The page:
Hlehle finally finds peace

One of the first things my journalism lecturer drummed into my head as a first-year student was: "You are a journalist; you tell people's stories but you NEVER become attached to the story or, worse, to the people in the story."

One of the first things my journalism lecturer drummed into my head as a first-year student was: "You are a journalist; you tell people's stories but you NEVER become attached to the story or, worse, to the people in the story."

That was three years ago, but I remember those words as if it were yesterday.

And now I have to confess that I have failed to follow my lecturer's advice - and it is a failure I gladly accept.

I have followed the story of Nobuhle Ndlebe, pictured, for almost two years. I've worked on it long enough for it to stop being "just a story". The woman in the story, Nobuhle Ndlebe, stopped being just Nobuhle Ndlebe, a childless woman, to me. Instead, she is "Hlehle": determination made alive.

"Hlehle" is my nickname for her and to this day her response when I call her is always sisi .

Hlehle is a 35-year-old woman from Makausi informal settlement in Primrose who gave birth to twins at a hospital in Ekurhuleni in October 2005. Her boys, Lindokuhle and Lindelani, were born prematurely and died shortly after their birth.

Lindokuhle was involved in a mix-up at the hospital, which led to his body being given to a woman from KwaZulu-Natal. This was the beginning of a long and painful road for Ndlebe, and for me.

Ndlebe's pain infiltrated me to the very core without me knowing it until I was completely sucked in. If the agony had asked for my permission, I would have turned it away at the door.

What worsened the ordeal for Ndlebe was that for almost six months the hospital denied that there had been a mix-up and on four occasions tried to pass off other children as Lindokuhle. But Ndlebe was not fooled.

She had carried Lindokuhle in her arms for six days before he died. She had studied his tiny face. Hlehle later told me that she saw herself every time she looked at his angelic face - the bond between a mother and a child, I reasoned.

After three months of being given the run-around by the hospital, Ndlebe decided to take matters into her own hands and contacted Sowetan.

She first visited our offices in March. A former colleague spoke to her and wrote the first story. That colleague left Sowetan later in the year and someone else had to take up the story.

When I was assigned to it I was reluctant to accept, but if there is one thing you should know about being a journalist it is that when your news editor says "Please phone her" he actually means "Phone her now!" - let's just say it wasn't a request.

When I met Hlehle she was working as a cleaner for a packaging company in Germiston. She wore a blue overall and in her hands was a small white cloth. She put it down and beckoned me to sit next to her: "Hlala phantsi, sisi," she said.

There was that word again, sisi. I remember thinking to myself: "I am only 21; she is far older than me. Why is she calling me sisi?"

I later learnt that this was out of the respect she had for me. Respect that, to this day, I'm not sure I've earned. She had great faith in me and knowing that kept me up some nights. I would lie there and imagine the look on her face if I failed her.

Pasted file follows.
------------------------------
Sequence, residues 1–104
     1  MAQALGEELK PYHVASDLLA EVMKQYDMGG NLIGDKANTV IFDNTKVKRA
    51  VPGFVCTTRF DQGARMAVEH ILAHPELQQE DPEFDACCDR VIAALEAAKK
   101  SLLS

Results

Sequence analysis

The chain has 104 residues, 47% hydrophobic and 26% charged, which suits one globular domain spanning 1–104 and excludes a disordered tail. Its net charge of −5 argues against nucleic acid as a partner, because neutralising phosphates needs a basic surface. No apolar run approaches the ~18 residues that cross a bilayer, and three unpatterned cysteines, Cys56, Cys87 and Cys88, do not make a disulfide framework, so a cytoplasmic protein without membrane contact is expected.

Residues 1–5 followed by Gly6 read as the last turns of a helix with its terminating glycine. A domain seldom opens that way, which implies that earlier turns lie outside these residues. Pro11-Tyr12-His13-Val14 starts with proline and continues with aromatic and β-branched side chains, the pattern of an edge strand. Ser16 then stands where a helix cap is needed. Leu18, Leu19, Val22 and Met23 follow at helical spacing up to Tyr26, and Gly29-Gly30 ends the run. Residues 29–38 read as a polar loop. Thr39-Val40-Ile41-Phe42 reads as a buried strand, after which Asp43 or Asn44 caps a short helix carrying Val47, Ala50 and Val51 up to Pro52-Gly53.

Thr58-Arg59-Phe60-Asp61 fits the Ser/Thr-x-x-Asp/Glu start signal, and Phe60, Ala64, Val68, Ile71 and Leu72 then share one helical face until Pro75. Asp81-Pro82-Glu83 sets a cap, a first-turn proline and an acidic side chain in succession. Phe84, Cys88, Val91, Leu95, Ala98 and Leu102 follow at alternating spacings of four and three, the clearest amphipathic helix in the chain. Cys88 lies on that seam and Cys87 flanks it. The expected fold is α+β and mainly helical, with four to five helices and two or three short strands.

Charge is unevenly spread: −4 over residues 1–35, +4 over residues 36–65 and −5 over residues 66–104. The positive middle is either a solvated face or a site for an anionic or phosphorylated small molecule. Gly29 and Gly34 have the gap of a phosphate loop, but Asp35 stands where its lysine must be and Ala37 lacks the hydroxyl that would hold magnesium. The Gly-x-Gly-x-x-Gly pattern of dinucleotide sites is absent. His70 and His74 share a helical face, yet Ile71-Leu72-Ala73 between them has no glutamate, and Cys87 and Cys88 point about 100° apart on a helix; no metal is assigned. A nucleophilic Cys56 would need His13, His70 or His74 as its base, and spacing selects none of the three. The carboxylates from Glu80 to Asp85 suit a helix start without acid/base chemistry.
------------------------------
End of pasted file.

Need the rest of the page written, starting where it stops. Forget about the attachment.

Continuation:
One of my most painful moments with Ndlebe was during our visit to the Boikhutsong mortuary two weeks ago, where Lindelani's tiny body had been kept for more than a year. Ndlebe had refused to bury Lindelani without Lindokuhle and so the tiny body had to be kept in the mortuary.

Lindokuhle, buried in Bergville, KwaZulu- Natal, in June, was to wait for the remains of his brother, Lindelani, to be returned to Johannesburg. Lindokuhle was exhumed after the hospital finally admitted to the mix-up.

We visited the mortuary on January 30. Having known Ndlebe for as long as I have, I had seen her cry and break down numerous times, but nothing could have prepared me for that day.

She phoned me on January30 at about 7am and asked that I go with her to the mortuary. She had last seen Lindelani in December 2005, when she took his body to the mortuary and was told by the undertaker that his body was badly decomposed.

On Tuesday morning my phone rang. It was her.

"Hello, sisi. I am going to the mortuary today. Can you please come with me?"

We slowly walked into the mortuary.

Lindelani's tiny body lay on the edge of a big mortuary table. Ndlebe edged closer to the table and broke out in a shrill cry: "Oh my God, is this what remains of you, my child? What have I done to you?"

At that moment burning tears rushed down my cheeks. Everything in me screamed for me to be quiet, but the tears would not stop.

All I could do was hold Ndlebe, who was now sobbing bitterly. Her body was shaking uncontrollably. This time, I not only felt inadequate - I also felt weak. I had become attached, I had become involved.

After a few more days and more fights with the Gauteng Health Department, the funeral arrangements were finalised. The twins were to be buried in Mzimkhulu, in KwaZulu-Natal, on February 3.

The funeral was on Sunday morning. The service lasted only 15 minutes, but the look on Ndlebe's face at the last "amen" more than made up for the seven-hour drive to her home.

I went to her to say goodbye. She was sitting on a mattress in a small rondavel. Here was a woman who had lost so much and come so close to giving up, a woman who had been battered but refused to give in - and she was thanking me for keeping her strong?

Something powerful happened within me in that room that morning, as we looked at each other with the tears streaming down our faces.

For the first time since our first meeting, I felt adequate.

I had failed my journalism tutor, I had lost my professional detachment - but seeing Hlehle after the funeral made it all worthwhile.